Cutting edge of tradition


Wang Qian
Monday 15 August 2022 15:42 BST
Ye Kaiyuan creates paper-cutting artworks balancing the ancient art form and contemporary life
Ye Kaiyuan creates paper-cutting artworks balancing the ancient art form and contemporary life (PROVIDED TO CHINA DAILY)

Using a pencil, a pair of scissors and a scalpel, Ye Kaiyuan turns a piece of paper into exquisite cut-outs to express his understanding of life and the universe.

Staying true to the essence of the ancient art form of jianzhi (paper-cutting) his artworks explore elements from traditional Chinese literature, icons and imagery from Eastern culture and capture the timelessness of the practice.

“With a piece of paper I can create an artwork that has the power to make the world quiet or excited,” Ye, 38, says. “It is the charm of art, which triggers people to think.”

Inspired by traditional shanshui (landscape) painting, one of Ye’s latest creations is Across The Water, a work 3.9 feet long and 1.3 feet wide, featuring mountains and rivers. In the artwork a poetic scene is featured where a man stands on a boat in still water while clouds pass by mountains. Ye interprets this to mean: “With home always there, people should bravely explore the outside world”.

The inspiration behind his art is his experiences of joy and sorrow, departures and reunions, and struggles and triumphs.

The art of paper-cutting originated in China, where paper was invented during the Han Dynasty (206 BC-AD 220). Ye has brought the ancient craft back to life, with his intricate designs while interweaving a contemporary narrative of poetry and philosophy.

“I am the fortunate one to find paper-cutting. Through the craft, I find an artistic way to express my understanding about the world and life,” Ye says, adding that paper-cutting is like “doing subtraction with paper”, removing the redundant parts and making elaborate designs.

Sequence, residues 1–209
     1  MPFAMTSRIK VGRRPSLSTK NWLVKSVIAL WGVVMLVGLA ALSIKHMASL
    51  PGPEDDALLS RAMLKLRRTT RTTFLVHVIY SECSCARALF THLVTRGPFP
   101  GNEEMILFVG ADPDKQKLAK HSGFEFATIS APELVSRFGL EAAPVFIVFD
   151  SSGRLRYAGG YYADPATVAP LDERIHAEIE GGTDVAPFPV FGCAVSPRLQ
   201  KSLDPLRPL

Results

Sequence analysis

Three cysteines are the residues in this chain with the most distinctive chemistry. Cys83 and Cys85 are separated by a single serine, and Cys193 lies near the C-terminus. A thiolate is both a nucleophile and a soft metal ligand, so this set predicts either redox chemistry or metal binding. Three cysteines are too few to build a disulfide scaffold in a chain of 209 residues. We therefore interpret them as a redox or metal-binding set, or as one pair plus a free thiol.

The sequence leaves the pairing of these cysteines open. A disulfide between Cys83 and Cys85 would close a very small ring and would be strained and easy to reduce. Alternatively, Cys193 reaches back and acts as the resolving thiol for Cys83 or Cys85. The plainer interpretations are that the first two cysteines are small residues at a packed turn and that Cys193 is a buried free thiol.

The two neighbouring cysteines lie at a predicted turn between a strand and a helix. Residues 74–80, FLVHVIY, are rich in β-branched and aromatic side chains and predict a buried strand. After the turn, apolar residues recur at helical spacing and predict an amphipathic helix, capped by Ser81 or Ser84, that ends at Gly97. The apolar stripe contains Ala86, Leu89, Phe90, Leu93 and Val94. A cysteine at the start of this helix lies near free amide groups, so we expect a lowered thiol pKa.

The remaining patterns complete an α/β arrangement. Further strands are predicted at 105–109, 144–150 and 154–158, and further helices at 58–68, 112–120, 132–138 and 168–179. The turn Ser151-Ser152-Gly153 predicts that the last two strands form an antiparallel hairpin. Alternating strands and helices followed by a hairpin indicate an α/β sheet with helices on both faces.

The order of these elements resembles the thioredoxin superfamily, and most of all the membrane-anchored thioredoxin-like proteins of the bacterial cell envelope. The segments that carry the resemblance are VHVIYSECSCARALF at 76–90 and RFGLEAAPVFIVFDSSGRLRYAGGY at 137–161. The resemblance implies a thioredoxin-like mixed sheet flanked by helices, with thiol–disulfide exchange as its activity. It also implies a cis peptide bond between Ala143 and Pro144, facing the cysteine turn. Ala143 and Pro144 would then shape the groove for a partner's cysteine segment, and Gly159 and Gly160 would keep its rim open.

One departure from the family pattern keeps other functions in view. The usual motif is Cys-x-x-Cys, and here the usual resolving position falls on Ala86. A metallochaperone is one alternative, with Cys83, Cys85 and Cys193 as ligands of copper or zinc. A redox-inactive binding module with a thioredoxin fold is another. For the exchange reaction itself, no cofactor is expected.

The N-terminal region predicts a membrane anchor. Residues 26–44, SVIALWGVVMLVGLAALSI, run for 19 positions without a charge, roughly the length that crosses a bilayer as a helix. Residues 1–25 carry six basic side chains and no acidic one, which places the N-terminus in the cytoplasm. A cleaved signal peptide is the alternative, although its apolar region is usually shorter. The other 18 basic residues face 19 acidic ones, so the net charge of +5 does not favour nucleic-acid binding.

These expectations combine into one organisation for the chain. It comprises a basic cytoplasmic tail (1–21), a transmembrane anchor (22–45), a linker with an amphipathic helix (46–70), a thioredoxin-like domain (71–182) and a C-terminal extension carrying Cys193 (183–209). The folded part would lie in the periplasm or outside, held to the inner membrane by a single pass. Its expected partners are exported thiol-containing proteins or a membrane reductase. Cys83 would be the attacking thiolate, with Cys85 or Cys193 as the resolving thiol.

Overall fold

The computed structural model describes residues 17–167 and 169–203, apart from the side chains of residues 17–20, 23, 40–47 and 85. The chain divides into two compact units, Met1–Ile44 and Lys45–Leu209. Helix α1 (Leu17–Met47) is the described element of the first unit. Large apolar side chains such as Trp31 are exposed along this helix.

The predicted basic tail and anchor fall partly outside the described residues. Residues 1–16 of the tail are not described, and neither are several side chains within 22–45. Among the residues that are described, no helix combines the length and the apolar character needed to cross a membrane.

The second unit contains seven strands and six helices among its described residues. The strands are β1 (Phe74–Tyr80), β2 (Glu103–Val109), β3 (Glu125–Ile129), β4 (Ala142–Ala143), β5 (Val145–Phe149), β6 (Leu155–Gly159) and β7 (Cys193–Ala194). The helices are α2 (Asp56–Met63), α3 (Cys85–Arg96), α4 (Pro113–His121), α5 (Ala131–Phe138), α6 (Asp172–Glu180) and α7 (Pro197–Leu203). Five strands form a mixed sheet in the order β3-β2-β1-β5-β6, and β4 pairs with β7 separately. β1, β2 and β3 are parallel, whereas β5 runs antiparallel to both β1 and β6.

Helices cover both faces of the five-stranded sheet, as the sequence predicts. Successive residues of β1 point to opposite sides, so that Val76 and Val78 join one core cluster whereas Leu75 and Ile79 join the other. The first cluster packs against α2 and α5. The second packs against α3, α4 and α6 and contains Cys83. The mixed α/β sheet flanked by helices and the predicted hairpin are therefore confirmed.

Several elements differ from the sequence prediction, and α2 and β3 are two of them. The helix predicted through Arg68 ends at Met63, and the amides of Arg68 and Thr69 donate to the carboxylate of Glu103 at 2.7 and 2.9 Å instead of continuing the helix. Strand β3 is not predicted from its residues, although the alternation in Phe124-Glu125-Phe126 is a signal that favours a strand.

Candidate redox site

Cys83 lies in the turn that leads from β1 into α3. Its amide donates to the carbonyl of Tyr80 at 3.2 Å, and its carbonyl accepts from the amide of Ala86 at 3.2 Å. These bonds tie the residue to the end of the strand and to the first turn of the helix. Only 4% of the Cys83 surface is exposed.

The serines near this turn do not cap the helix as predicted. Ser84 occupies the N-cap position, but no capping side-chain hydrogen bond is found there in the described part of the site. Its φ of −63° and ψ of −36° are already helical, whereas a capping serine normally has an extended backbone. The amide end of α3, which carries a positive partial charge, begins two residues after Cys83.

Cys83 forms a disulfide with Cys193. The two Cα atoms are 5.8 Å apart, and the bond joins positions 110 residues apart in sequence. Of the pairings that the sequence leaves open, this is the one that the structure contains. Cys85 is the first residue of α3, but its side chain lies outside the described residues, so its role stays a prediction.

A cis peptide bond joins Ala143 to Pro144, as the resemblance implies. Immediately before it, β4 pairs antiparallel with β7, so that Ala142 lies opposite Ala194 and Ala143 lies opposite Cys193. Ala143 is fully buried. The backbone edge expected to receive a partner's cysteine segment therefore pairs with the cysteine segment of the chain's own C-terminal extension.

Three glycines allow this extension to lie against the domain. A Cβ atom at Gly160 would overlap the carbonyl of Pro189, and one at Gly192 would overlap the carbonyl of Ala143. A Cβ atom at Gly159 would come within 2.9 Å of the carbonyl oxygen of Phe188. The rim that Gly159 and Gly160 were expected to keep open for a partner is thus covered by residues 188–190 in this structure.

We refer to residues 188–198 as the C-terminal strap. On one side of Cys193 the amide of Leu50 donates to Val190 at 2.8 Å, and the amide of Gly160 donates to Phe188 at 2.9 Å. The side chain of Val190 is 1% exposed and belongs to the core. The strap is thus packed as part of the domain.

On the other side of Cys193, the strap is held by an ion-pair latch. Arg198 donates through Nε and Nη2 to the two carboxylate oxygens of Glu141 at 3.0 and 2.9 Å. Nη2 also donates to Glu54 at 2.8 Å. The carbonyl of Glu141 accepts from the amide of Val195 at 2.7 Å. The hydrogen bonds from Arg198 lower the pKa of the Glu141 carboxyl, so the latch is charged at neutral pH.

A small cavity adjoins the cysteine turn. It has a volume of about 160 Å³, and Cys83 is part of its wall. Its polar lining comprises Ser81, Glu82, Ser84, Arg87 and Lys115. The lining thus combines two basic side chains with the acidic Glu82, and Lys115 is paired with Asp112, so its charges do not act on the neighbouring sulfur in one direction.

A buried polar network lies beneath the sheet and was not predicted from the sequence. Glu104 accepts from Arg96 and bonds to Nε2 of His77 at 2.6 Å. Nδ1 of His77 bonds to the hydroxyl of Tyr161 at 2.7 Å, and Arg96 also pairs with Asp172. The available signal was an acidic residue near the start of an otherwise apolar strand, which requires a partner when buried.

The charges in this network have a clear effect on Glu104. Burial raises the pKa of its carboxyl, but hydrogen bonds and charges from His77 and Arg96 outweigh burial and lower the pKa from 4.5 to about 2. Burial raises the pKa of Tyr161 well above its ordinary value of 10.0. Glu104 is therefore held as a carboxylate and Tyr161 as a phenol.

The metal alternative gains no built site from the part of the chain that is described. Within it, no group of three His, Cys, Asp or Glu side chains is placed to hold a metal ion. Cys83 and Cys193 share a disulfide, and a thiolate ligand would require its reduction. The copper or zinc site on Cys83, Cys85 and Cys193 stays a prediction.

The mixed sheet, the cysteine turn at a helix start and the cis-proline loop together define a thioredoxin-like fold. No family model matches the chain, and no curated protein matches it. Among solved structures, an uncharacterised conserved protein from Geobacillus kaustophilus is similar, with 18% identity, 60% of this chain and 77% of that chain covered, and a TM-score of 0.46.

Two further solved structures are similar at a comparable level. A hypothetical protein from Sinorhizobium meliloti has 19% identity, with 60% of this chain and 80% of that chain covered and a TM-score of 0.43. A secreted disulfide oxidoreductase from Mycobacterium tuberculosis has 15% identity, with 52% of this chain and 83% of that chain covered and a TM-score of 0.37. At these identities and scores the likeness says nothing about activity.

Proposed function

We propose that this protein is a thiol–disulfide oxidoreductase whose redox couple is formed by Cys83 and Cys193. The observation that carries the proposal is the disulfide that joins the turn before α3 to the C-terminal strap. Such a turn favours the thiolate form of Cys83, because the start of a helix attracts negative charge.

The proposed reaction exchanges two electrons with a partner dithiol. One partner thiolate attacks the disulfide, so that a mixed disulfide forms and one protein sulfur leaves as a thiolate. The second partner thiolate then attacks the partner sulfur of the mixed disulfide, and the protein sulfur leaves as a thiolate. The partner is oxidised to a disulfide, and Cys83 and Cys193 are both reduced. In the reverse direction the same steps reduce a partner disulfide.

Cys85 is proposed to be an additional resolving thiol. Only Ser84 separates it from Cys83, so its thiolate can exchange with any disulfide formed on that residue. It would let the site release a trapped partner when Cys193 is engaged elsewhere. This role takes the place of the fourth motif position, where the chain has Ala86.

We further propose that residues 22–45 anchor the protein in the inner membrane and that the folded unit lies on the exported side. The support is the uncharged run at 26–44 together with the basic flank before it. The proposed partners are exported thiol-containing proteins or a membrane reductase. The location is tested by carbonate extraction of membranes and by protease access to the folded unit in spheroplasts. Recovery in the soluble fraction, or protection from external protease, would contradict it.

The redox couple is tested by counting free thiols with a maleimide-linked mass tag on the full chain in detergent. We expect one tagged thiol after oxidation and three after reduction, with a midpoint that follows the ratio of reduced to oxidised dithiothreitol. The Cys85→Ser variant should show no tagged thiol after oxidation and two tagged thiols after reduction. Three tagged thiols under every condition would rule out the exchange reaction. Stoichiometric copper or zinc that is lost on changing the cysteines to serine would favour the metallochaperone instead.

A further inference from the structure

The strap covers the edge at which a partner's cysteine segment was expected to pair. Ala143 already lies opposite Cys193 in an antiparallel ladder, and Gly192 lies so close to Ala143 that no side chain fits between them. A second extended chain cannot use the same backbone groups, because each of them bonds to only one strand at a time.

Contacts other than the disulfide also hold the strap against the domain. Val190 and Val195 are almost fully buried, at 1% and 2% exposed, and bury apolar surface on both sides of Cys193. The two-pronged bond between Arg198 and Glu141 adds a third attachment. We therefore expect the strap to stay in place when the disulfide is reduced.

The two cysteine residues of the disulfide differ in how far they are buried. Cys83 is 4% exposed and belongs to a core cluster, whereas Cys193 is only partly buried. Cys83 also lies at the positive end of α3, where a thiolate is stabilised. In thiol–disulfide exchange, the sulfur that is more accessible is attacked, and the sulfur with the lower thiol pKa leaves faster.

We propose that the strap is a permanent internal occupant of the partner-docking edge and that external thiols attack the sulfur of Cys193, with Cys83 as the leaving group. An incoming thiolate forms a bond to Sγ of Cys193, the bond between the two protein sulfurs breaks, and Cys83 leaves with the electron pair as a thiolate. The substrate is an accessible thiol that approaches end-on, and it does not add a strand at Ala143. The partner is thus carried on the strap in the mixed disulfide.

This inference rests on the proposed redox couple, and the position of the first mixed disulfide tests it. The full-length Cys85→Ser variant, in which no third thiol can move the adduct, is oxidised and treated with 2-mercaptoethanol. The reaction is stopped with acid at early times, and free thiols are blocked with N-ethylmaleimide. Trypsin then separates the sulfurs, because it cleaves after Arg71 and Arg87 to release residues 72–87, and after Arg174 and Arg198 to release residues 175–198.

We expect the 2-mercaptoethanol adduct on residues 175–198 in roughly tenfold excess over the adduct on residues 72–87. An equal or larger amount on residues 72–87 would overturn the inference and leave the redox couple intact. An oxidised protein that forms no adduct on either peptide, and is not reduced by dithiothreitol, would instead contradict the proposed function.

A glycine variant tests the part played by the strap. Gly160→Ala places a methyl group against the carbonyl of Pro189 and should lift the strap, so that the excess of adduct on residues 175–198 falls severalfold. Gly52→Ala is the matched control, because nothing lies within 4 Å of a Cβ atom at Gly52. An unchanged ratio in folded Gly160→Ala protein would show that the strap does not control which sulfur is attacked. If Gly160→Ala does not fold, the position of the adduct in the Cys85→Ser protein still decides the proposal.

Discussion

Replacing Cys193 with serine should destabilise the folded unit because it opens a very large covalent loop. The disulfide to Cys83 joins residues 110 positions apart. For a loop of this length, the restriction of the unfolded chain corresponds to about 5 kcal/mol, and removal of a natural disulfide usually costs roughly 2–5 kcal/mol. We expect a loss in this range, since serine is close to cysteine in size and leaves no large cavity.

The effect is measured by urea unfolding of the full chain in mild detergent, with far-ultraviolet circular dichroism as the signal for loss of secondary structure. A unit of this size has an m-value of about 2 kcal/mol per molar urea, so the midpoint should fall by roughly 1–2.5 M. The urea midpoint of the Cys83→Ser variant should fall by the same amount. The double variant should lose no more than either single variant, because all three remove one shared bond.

It is similar to life, in which people need to banish unrest, arrogance and vanity and stay true to themselves, Ye says.

His works have been on display at exhibitions and galleries in China and abroad. In 2015 China Post issued a set of commemorative stamps themed on his paper-cut pieces.

Across The Water , one of Ye’s latest creations, is inspired by traditional Chinese landscape painting (PROVIDED TO CHINA DAILY)

Born in Zhangpu county, Fujian province, which is known as the home town of paper-cutting art, Ye became interested in the craft when he was a boy. In 2012 he established the Yile Paper-Cutting Art workshop in Xiamen, Fujian.

When talking about the traditional craft of paper-cutting, interior decors sticking to windows and doors come to many people’s minds. The paper creations were intended to honour gods and ancestors and later evolved into a leisure activity for women and children across the country.

In 2009 Zhangpu paper-cutting was added to UNESCO’s list of intangible cultural heritage of humanity as a part of Chinese paper-cutting tradition. The Zhangpu style is monochromatic and emphasises proportional composition, smooth lines and a graceful style. To elevate the style beyond its traditional origins, Ye spent more than 10 years finding the balance between the craft and contemporary life.

Unlike the traditional approach to the craft in which the drawing is done first and then the cutting, Ye splashes black, red or yellow ink on rice paper first, then draws elaborate designs and finally cuts and engraves the paper creation.

“This means you will never know what the final outcome will be, which colours will be left and which will not. The unpredictability is the most interesting part, and I think being natural is beautiful.”

Hu Meidong contributed to the story

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